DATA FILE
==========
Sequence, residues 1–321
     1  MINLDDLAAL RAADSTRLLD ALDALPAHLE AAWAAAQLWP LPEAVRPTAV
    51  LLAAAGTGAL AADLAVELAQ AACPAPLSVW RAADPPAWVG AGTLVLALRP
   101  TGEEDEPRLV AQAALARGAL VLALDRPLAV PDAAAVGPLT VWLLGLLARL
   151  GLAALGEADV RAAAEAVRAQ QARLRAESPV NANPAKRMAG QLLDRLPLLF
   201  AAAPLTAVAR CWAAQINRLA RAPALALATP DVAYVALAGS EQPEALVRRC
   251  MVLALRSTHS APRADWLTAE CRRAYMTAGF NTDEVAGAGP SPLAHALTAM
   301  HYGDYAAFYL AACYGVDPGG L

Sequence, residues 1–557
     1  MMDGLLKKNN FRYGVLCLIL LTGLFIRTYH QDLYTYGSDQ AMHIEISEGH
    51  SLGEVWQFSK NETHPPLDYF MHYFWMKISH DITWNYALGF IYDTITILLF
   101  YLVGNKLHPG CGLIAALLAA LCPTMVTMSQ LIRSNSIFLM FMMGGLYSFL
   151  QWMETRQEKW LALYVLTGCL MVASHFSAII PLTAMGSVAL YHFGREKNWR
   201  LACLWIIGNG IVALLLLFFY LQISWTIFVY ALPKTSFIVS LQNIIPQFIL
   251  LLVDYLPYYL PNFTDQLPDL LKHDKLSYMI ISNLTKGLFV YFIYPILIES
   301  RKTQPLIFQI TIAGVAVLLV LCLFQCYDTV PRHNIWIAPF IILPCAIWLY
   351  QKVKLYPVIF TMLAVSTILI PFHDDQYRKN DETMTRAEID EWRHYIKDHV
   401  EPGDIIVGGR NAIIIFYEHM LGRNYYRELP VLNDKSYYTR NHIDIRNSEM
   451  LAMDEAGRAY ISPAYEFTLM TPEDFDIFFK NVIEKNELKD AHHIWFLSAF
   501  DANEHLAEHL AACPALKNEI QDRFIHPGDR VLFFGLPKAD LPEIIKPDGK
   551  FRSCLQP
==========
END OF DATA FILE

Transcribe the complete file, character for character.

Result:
Sequence, residues 1–321
     1  MINLDDLAAL RAADSTRLLD ALDALPAHLE AAWAAAQLWP LPEAVRPTAV
    51  LLAAAGTGAL AADLAVELAQ AACPAPLSVW RAADPPAWVG AGTLVLALRP
   101  TGEEDEPRLV AQAALARGAL VLALDRPLAV PDAAAVGPLT VWLLGLLARL
   151  GLAALGEADV RAAAEAVRAQ QARLRAESPV NANPAKRMAG QLLDRLPLLF
   201  AAAPLTAVAR CWAAQINRLA RAPALALATP DVAYVALAGS EQPEALVRRC
   251  MVLALRSTHS APRADWLTAE CRRAYMTAGF NTDEVAGAGP SPLAHALTAM
   301  HYGDYAAFYL AACYGVDPGG L

Sequence, residues 1–557
     1  MMDGLLKKNN FRYGVLCLIL LTGLFIRTYH QDLYTYGSDQ AMHIEISEGH
    51  SLGEVWQFSK NETHPPLDYF MHYFWMKISH DITWNYALGF IYDTITILLF
   101  YLVGNKLHPG CGLIAALLAA LCPTMVTMSQ LIRSNSIFLM FMMGGLYSFL
   151  QWMETRQEKW LALYVLTGCL MVASHFSAII PLTAMGSVAL YHFGREKNWR
   201  LACLWIIGNG IVALLLLFFY LQISWTIFVY ALPKTSFIVS LQNIIPQFIL
   251  LLVDYLPYYL PNFTDQLPDL LKHDKLSYMI ISNLTKGLFV YFIYPILIES
   301  RKTQPLIFQI TIAGVAVLLV LCLFQCYDTV PRHNIWIAPF IILPCAIWLY
   351  QKVKLYPVIF TMLAVSTILI PFHDDQYRKN DETMTRAEID EWRHYIKDHV
   401  EPGDIIVGGR NAIIIFYEHM LGRNYYRELP VLNDKSYYTR NHIDIRNSEM
   451  LAMDEAGRAY ISPAYEFTLM TPEDFDIFFK NVIEKNELKD AHHIWFLSAF
   501  DANEHLAEHL AACPALKNEI QDRFIHPGDR VLFFGLPKAD LPEIIKPDGK
   551  FRSCLQP